The first, and most important thing to acknowledge when you’ve been dumped is that it hurts. This might sound obvious, but it’s a step a lot of people skip over. Some people have this idea that feeling pain over rejection is for the immature or the insecure. And if that were the case, maybe it’d be easier to get over a bad breakup. But it’s not the case.
The truth is, getting rejected is one of the most painful things you’ll go through. Someone you love and care about chose a different path, and the wound that comes from that can run deep. When you get dumped, your life, your identity your future plans, your friendships and even your self-worth are thrown for a loop. It can kick off a serious season of depression. It’d be weird if you didn’t hurt.
Once you own that pain and accept that, yes, this does hurt, you can move on to dealing with it. There are no shortcuts. You’ll probably be feeling the sting of getting dumped for a long time. But you can do things during that time that will keep the pain from defining you and help you use this time to prepare for what God has next for your life.
This probably won’t happen neatly, or in order. You’ll have good and bad days where the things on this list will feel more or less achievable. Give yourself a lot of grace to do the best you can and, over time, you’ll find yourself getting better — little by little.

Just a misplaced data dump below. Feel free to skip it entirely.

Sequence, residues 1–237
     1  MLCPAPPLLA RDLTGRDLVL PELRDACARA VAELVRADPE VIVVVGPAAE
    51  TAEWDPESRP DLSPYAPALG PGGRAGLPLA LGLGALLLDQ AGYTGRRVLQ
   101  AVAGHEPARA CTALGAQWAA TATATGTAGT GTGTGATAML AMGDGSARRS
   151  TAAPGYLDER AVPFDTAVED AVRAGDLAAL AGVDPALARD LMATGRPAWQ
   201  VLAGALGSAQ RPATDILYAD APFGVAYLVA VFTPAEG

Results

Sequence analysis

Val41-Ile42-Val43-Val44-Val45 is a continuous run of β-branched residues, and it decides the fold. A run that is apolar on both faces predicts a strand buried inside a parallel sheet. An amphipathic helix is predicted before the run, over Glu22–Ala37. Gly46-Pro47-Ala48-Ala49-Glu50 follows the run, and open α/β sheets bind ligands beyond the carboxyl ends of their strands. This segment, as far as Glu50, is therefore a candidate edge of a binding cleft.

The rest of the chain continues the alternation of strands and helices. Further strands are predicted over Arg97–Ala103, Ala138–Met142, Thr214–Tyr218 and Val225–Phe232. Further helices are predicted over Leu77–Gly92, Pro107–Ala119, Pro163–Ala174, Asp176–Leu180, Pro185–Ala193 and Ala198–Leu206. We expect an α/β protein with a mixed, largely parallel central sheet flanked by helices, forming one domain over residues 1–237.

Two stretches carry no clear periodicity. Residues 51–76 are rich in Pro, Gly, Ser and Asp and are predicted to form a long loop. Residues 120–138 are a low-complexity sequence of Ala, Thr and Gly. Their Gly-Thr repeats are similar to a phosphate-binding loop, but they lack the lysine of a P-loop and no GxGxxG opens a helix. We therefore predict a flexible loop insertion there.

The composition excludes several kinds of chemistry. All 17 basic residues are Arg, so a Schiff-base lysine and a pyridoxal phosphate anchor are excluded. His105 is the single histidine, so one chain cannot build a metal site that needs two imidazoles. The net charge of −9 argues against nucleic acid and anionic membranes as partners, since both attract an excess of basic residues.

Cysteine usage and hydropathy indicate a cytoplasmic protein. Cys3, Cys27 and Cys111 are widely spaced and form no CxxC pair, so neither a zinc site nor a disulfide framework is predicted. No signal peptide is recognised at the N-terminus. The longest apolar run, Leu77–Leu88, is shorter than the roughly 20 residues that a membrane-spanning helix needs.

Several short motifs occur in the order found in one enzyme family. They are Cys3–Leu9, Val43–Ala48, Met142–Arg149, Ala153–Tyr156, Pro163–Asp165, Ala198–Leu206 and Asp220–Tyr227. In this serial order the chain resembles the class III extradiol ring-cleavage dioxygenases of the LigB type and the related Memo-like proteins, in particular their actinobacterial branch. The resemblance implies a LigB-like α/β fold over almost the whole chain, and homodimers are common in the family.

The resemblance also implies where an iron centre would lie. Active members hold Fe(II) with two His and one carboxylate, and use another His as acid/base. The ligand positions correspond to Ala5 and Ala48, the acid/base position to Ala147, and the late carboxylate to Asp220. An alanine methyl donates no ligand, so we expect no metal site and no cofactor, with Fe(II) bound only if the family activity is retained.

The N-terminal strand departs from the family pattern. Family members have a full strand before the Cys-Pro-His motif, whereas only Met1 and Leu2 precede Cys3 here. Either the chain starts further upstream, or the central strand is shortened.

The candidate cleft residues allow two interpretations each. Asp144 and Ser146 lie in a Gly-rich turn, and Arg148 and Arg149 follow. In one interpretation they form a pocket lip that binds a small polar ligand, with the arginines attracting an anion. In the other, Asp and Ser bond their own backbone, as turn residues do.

DO reach out to friends
You’re probably feeling very alone, since someone you considered your best friend just broke up with you, but it’s important that you don’t go through this by yourself. You still have people who love and support you, and they should be the first people you reach out to. You might want them to come over and watch movies. You might want to get out of the house with them. You might just want to talk. Whatever it is, don’t submit to the temptation to just sit alone all day. It won’t help.
DON’T reach out to your ex
A lot of movies have given us a very romantic idea of fighting for a relationship even after one person says it’s over. And, it’s true, that can happen. Sometimes. But generally speaking, your ex-boyfriend or ex-girlfriend has made what they want very clear and you should respect that and give them space. Chances are, reaching out isn’t going to give you the answers or closure that you’re looking for and is only going to be salt in the wound. If you’re reaching the phone to call your ex, call a friend, family member or other trusted person instead and tell them how you’re feeling. It’s always the healthier move.
DO keep moving
When you’re hurting, you just want to curl up in bed until the bad feelings go away. But bad feelings fester in solitude, and no good will come from stewing alone. You don’t have to start training for a marathon (although you can) but you should do something. Take a walk. Do some yoga. Stretch. Even just getting out of your bedroom and into the kitchen is an accomplishment that will pay off on your overall mood. Endorphins are your friends right now. They won’t magically make you happier, but they’ll keep you from the lowest of lows.